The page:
As someone who champions green certified homes, I am certain this is the question that I get asked the most. The answer is yes, but before I tell you why let me digress with a recent personal anecdote.
This past weekend I was shopping for some laundry stain booster. If you don’t know what that is you probably don’t have either toddlers or baseball players in your house – I have both. Needless to say, I use a lot of this product. My favorite brand was on sale in two versions – the standard version and the “PERFUME & DYE FREE” version. Not needing perfumes or dyes and just wanting the stain removal powers, I was about to select the “FREE” version. But wait … the FREE version cost a lot more! While I didn’t really want or need the added smells and colors, it galled me that the version that was presumably more “pure” with fewer added raw materials cost more.
Herein lies the green marketing lesson. Consumers do care about green, but just because a product has green attributes doesn’t mean that they believe it should cost more. I do pay more for some green attributes that are very important to me. But just because a product has a green label and conspicuous green packaging doesn’t mean that I will pay more. In fact, it just might make me cranky enough to taint my opinion of the brand and write an email to complain. Which I did (only to receive a coupon to make up for the company’s shameless greenwashing, but I digress).
Performance matters. For a consumer to purchase a green product it must perform at least as well as a product that doesn’t have green attributes. Of course, performance can be measured in a number of ways, and the more complex the product the more complicated the performance indicators. Let’s start with green cleaners as a basic product category. Method is one of the fastest-growing private companies in America. They had two products goals: make cleaners that you didn’t want to hide in a cabinet (performance = aesthetics); and make cleaners without any dirty ingredients (performance = environmentally-friendly). On their website they have five listed attributes –the first being “clean.” No one was going to buy a cleaning product that didn’t clean, at least not more than once. Homes are a much more complex product than cleaning agents, but the same principle applies. People want their home to perform. Without question that include aesthetics and design – I don’t believe we will ever see a large housing market for yurts as they simply don’t fit into our national ideal of what a home looks like. Second, they want comfortable spaces that are cool in the summer and warm in the winter and affordable to heat and cool. Third, they want healthy indoor environments free of harmful pollutants or excessive moisture where they can live safely and raise families.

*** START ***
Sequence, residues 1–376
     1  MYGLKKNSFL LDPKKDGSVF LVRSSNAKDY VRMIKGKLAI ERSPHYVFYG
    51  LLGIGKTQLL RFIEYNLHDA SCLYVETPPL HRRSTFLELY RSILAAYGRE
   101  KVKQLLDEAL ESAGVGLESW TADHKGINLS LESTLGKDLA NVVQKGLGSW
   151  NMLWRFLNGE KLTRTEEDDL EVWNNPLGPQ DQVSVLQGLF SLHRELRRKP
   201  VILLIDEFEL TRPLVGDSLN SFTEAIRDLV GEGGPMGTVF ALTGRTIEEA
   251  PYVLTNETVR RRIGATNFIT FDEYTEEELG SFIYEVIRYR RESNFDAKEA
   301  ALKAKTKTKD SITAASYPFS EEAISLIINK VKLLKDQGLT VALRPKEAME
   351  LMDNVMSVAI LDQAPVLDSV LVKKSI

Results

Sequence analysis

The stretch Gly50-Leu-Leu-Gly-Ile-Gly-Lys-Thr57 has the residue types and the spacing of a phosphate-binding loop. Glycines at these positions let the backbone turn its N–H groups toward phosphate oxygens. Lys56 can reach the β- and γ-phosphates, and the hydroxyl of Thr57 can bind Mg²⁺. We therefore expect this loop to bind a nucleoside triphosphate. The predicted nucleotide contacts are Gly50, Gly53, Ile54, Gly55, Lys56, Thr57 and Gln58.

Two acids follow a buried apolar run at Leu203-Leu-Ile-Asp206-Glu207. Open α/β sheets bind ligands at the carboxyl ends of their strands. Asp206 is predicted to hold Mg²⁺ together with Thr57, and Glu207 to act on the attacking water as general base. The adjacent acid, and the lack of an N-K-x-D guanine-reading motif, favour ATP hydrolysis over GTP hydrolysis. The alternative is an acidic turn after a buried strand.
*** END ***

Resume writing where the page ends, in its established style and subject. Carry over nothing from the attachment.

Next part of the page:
Green is mainstream. According to “Mainstream Green,” completed by Ogilvy & Mather in April 2011, 16% of Americans identify as Super Greens. These are people whose everyday behavior is modified to ensure that their impact on the environment is lessened in one way or another. A much more impressive statistic is that two-thirds of Americans (66%) identify as Upper & Middle Greens. These are consumers who are following the green movement, as opposed to leading it, but green influences their purchasing decisions so long as it doesn’t cost too much. This group is also largely motivated by personal interests, so if you offer a product that has green attributes, provides them a benefit, and helps save the environment, it’s a win-win. These two groups together account for 82% of consumers influenced by green product offerings – do you really care if you are not selling to the other 18%? And, to be clear, there may be a percentage of this latter group that is influenced by your green product but not for strictly environmental reasons. Energy independence and nationalism are alternative reasons for some consumers to favor attributes like energy efficiency.
Certification matters. The Federal Trade Commission (FTC) recently commissioned a study that found 80% of respondents believed certification by independent, third-party organizations provides extra credibility and assurance. So you don’t take my word for it, defer to the FTC. Certification matters, so long as it is the right type … which I’ll discuss another day. Stay tuned!***